It’s amazing how many hours there are in a day when you really need them. My agent has asked for revisions to my novel, hoping to turn the current trend of editors saying It’s great, it’s lovely, but no, into It’s great, it’s lovely, here’s an offer. And she wants those changes by January 10. When she asked what my schedule was like, I just told her I’d make it work.
The truth? I have no time. Days, evenings, and nights are occupied with caring for one or both children. Even naptime, a measly one hour each day, has been decimated by my cherished new child who often stays awake while my cherished older child is asleep. Evenings, once my own after 7:30 when Lucia was asleep, are now usually Greta’s fussy time. And then I go to bed, where I alternate sleeping and nursing until I get up and do it all over again the next day.
And yet—this project has forced me to find time. I quickly revised my laissez-faire attitude of letting Greta sleep whenever and however long she wanted to during the day; I now make sure she has at least an hour of awake time before Lucia’s nap, and, more often than not, I can get her to sleep at the same time. A blessed hour—or more!—is then mine. Of course, Greta is often sleeping in my lap, but I prefer writing longhand, so I just balance my notebook on top of her. We’ve also found that Greta’s fussy time at night was mostly caused by her simply wanting to be asleep, so right after Lucia’s bedtime I swaddle, nurse, and rock Greta until she sleeps. So the evenings are ours again as well. Precious child that she is, she’s been sleeping for the past week or so from 7:30 or 8 until midnight or 1am, then nursing and then sleeping again until around 5am, then nursing and then sleeping again till Lucia wakes up at 7.
I’ve also been stealing time: high-tailing it out of the house every weekend morning, making it to my favorite café before it gets crowded even though it sometimes means leaving Lucia in her pjs, breakfast uneaten, Andrew without his contacts yet in. But with two babies, if I don’t go when I have the chance, I won’t go at all, so I am up and dressed and out the door by 8. We introduced a bottle to Greta a couple of weeks ago with no problem, so I know I'm not leaving her to starve.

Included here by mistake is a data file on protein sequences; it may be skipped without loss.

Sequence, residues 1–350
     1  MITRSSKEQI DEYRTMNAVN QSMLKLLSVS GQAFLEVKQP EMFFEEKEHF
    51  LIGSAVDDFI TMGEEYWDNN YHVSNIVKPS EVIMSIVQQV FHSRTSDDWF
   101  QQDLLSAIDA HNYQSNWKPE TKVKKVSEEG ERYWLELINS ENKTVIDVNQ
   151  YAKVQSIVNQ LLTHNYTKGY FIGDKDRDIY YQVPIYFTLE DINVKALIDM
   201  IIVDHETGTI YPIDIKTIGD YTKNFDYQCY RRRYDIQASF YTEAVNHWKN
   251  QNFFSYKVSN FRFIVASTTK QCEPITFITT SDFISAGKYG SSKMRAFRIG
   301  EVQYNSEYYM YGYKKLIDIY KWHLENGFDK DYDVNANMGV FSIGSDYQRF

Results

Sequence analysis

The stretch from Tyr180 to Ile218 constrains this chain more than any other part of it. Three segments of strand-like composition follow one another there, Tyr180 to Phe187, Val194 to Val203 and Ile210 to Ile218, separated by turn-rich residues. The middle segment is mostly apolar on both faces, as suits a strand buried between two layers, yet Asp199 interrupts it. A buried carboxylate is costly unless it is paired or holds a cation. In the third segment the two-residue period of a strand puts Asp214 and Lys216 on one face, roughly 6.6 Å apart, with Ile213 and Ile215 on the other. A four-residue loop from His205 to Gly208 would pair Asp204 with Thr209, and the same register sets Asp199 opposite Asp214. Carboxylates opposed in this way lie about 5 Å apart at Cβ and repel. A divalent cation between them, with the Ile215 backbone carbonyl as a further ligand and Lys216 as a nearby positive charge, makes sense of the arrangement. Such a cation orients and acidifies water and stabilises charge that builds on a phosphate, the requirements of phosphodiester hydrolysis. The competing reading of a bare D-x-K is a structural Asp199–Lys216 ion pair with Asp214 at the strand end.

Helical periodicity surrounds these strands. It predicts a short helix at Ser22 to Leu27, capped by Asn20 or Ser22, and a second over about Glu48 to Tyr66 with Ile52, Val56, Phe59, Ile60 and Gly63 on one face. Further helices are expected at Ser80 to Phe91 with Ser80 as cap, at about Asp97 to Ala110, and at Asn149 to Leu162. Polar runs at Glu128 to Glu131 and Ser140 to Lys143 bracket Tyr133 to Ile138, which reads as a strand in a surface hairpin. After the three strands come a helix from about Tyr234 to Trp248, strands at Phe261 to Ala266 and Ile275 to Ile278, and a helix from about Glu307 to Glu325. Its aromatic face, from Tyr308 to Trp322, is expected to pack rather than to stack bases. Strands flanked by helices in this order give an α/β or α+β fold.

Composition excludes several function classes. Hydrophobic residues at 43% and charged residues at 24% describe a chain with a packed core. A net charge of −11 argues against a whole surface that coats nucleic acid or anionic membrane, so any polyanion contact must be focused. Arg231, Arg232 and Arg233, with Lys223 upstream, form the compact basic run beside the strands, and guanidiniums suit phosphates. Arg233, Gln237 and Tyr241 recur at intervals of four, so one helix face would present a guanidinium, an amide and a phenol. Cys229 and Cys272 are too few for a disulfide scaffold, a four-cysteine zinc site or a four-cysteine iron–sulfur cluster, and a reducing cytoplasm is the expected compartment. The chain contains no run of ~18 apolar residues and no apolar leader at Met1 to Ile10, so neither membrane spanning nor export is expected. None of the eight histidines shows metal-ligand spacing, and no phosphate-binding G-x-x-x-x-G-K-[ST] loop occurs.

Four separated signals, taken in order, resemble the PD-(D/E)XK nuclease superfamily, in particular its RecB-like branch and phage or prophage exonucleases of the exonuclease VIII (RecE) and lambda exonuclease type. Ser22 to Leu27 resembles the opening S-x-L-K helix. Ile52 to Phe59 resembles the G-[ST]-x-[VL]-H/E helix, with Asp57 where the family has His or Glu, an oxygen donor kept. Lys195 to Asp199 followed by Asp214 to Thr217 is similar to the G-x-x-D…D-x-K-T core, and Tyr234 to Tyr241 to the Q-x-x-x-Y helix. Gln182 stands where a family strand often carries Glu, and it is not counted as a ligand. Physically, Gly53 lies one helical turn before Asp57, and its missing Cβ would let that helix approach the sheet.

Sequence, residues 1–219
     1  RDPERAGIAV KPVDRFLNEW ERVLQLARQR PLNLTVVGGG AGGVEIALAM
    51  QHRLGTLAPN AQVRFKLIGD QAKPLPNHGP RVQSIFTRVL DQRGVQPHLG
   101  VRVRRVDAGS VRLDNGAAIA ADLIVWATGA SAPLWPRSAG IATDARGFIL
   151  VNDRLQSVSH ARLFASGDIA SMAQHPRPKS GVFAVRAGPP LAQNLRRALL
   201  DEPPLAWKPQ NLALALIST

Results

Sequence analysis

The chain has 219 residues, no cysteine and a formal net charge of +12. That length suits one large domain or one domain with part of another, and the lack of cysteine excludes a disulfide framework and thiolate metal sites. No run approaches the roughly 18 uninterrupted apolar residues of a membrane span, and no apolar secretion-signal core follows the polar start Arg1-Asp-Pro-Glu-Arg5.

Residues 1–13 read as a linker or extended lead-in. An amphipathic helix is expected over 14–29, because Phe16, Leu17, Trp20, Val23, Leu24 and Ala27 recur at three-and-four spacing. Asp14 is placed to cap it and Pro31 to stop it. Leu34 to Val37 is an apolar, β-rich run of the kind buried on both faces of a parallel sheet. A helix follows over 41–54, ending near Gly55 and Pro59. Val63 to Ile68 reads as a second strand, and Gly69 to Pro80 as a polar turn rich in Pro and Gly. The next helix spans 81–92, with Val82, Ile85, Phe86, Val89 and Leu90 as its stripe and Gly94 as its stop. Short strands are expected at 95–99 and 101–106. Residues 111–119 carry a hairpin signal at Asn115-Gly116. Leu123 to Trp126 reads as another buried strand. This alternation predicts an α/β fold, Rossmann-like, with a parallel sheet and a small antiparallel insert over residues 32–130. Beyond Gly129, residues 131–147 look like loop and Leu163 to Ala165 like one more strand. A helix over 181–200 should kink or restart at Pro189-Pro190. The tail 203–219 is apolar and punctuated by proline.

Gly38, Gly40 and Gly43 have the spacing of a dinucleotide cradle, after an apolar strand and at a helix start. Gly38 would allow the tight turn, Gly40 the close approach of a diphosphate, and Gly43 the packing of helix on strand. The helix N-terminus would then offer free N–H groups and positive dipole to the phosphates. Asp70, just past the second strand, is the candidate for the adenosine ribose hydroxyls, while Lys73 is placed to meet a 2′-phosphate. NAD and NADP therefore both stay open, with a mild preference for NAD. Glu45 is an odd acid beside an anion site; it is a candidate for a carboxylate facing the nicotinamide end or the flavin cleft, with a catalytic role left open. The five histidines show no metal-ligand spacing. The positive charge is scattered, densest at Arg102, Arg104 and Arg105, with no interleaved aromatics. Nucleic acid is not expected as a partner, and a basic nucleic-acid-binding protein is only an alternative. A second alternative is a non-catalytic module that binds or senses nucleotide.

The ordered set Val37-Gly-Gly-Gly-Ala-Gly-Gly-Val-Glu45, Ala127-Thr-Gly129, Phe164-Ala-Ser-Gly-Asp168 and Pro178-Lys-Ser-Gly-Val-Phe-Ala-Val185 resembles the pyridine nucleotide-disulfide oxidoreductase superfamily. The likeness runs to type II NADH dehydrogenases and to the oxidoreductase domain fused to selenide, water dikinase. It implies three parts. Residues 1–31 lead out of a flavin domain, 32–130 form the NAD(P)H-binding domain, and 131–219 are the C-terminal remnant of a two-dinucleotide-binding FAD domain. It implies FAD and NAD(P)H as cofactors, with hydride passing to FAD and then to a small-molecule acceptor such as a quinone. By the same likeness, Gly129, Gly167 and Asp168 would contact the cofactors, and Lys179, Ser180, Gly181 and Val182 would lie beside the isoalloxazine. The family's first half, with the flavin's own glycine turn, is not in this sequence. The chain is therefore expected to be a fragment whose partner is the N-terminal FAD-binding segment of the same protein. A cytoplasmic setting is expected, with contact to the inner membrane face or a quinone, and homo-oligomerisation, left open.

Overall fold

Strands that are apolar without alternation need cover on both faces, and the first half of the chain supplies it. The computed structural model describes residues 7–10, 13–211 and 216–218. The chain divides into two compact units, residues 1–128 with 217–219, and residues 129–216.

And I’ve been buying time. We’ve had our sitter back a couple of times each week, and I made the somewhat obvious but also thrilling discovery that I can actually use that time as work time despite my unwillingness to leave both babies with the sitter at once. I just put Greta in the Bjorn and walk outside until she falls asleep, and then go to a café and write. Greta is none the wiser, and I sometimes even feel like I’m in grad school again, sipping coffee and writing in a notebook, out in the city in the middle of the day with all the time in the world—and then Greta stirs, or my milk lets down, and I remember I’m a mom of two and I’d better focus while I can.
It’s amazing how much I can get done when I absolutely have to do it, and I’ve been pretty productive in all my eeked-out hours. But much work remains.